USA — Strategy Calls for Military to Handle Full Range of Contingencies

WASHINGTON, Jan. 5, 2012 — The Amer­i­can mil­i­tary will be lean­er in the years ahead, but it will remain lethal and with­out a match in the world, Pres­i­dent Barack Oba­ma said at the Pen­ta­gon today.

Oba­ma, Defense Sec­re­tary Leon E. Panet­ta and Army Gen. Mar­tin E. Dempsey, chair­man of the Joint Chiefs of Staff, detailed the new defense strate­gic guid­ance dur­ing a news conference.

“The world must know the Unit­ed States is going to main­tain our mil­i­tary supe­ri­or­i­ty with armed forces that are agile, flex­i­ble and ready for the full range of con­tin­gen­cies and threats,” the pres­i­dent said.

He pledged to keep faith with ser­vice mem­bers and their fam­i­lies as offi­cials use the strat­e­gy guid­ance to shape the Defense Department’s bud­get for the years ahead. The depart­ment will pare $487 bil­lion from its bud­get over the next 10 years.

“We’re also going to keep faith with those who serve by mak­ing sure our troops have the equip­ment and capa­bil­i­ties they need to suc­ceed and by pri­or­i­tiz­ing efforts that focus on wound­ed war­riors, men­tal health and the well-being of mil­i­tary fam­i­lies,” the pres­i­dent said.

The gov­ern­ment also will keep the inter­ests of America’s newest vet­er­ans in mind, Oba­ma said, and he vowed to “keep work­ing to give our vet­er­ans the care, ben­e­fits and job oppor­tu­ni­ties they deserve and earned.”

After 10 years of war, now is the time to build a new mil­i­tary to con­front the chal­lenges of the 21st cen­tu­ry, Oba­ma said. The Iraq mis­sion is over, and 91,000 Amer­i­can troops are in Afghanistan work­ing to turn over secu­ri­ty respon­si­bil­i­ty there to Afghan forces. Still, Panet­ta said, the world will con­tin­ue to be dangerous.

“The Unit­ed States still faces com­plex and grow­ing array of secu­ri­ty chal­lenges across the globe,” he said. “Unlike past draw­downs, when often­times the threats that the coun­try was fac­ing went away, the fact is that there remain a num­ber of chal­lenges that we have to con­front — chal­lenges that call for reshap­ing of America’s defense priorities.”

Panet­ta said the threats include vio­lent extrem­ism, pro­lif­er­a­tion of lethal weapons and mate­ri­als and the desta­bi­liz­ing behav­ior of nations such as Iran and North Korea. The strate­gic cal­cu­lus has shift­ed with the rise of new pow­ers in Asia and the dra­mat­ic changes in the Mid­dle East, Cen­tral Asia and North Africa, he noted.

All this is occur­ring against the back­drop of bud­get pres­sures. The sec­re­tary reit­er­at­ed his belief that Amer­i­cans do not need to choose between nation­al secu­ri­ty and fis­cal respon­si­bil­i­ty. Still, DOD will “play its part in help­ing the nation put our fis­cal house in order,” he said.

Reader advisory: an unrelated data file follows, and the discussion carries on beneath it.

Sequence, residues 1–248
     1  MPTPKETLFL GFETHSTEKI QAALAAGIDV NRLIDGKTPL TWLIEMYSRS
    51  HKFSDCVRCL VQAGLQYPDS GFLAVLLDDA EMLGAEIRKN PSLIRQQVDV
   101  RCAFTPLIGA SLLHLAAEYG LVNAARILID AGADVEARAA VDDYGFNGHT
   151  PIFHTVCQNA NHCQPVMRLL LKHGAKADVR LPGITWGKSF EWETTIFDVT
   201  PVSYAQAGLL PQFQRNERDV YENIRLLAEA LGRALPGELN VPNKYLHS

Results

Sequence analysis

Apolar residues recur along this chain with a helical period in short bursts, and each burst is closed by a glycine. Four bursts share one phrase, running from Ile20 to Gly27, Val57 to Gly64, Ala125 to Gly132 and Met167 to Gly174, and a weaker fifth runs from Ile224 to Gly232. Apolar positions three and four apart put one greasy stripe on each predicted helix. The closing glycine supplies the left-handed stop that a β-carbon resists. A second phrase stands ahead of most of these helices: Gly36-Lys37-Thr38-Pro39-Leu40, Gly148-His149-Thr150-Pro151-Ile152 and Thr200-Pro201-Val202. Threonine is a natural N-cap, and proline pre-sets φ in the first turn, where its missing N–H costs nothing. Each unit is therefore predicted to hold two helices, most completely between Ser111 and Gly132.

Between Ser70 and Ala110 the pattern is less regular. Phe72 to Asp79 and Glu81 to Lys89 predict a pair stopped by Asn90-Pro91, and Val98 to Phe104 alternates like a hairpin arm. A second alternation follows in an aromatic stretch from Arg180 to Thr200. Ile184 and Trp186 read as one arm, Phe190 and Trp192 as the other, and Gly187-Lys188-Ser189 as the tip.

The strat­e­gy hon­ors four over-arch­ing prin­ci­ples, Panet­ta said: America’s mil­i­tary must remain pre-emi­nent. The strat­e­gy must avoid hol­low­ing out the force, must achieve bal­anced sav­ings, must pre­serve the qual­i­ty of the all-vol­un­teer force and must not break faith with men and women in uni­form or their families.

Giv­en those prin­ci­ples, Panet­ta said, the U.S. mil­i­tary will remain capa­ble across the spectrum.

From a geo­graph­ic per­spec­tive, he said, while the Asia-Pacif­ic region will be a new focus for the U.S. mil­i­tary, Amer­i­ca will con­tin­ue to work in the Mid­dle East and Cen­tral Asia to ensure sta­bil­i­ty and eco­nom­ic prosperity.

“In Latin Amer­i­ca, Africa, else­where in the world, we will use inno­v­a­tive meth­ods to sus­tain U.S. pres­ence, main­tain­ing key mil­i­tary-to-mil­i­tary rela­tions and pur­su­ing new secu­ri­ty part­ner­ships as need­ed,” the sec­re­tary said.

The mil­i­tary will look to devel­op low-cost and small-foot­print approach­es to achiev­ing secu­ri­ty objec­tives, he explained. For ser­vice mem­bers, he added, this means rota­tion­al deploy­ments and mil­i­tary exer­cis­es to main­tain U.S. presence.

But, Panet­ta added, a mil­i­tary must be able to con­front and defeat any aggres­sor and respond to the chang­ing nature of warfare.

“Our strat­e­gy review con­clud­ed that the Unit­ed States must have the capa­bil­i­ty to fight sev­er­al con­flicts at the same time,” Panet­ta said. “We are not con­fronting, obvi­ous­ly, the threats of the past. We are con­fronting the threats of the 21st cen­tu­ry. And that demands greater flex­i­bil­i­ty to shift and deploy forces to be able to fight and defeat any ene­my anywhere.

“How we defeat the ene­my may very well vary across con­flicts,” he con­tin­ued. “But make no mis­take, we will have the capa­bil­i­ty to con­front and defeat more than one adver­sary at a time.”

Dempsey said all defense lead­ers worked on the new guid­ance, which he called “a sound strat­e­gy” that ensures the Unit­ed States remains the pre-emi­nent mil­i­tary in the world while pre­serv­ing the tal­ent of the all-vol­un­teer force.

The strat­e­gy takes into account the lessons of the last 10 years of war, Dempsey said. “It acknowl­edges the imper­a­tive of a glob­al, net­worked and full-spec­trum joint force,” he added.

The gen­er­al empha­sized that the mil­i­tary would be adopt­ing much of the strat­e­gy even in the absence of fis­cal constraints.

“Even if we did­n’t have few­er resources, we would expect to change,” he said. “As a con­se­quence, it calls for inno­va­tion, for new ways of oper­at­ing and part­ner­ing. It rebal­ances our focus by region and mission.” 

U.S. Depart­ment of Defense
Office of the Assis­tant Sec­re­tary of Defense (Pub­lic Affairs) 

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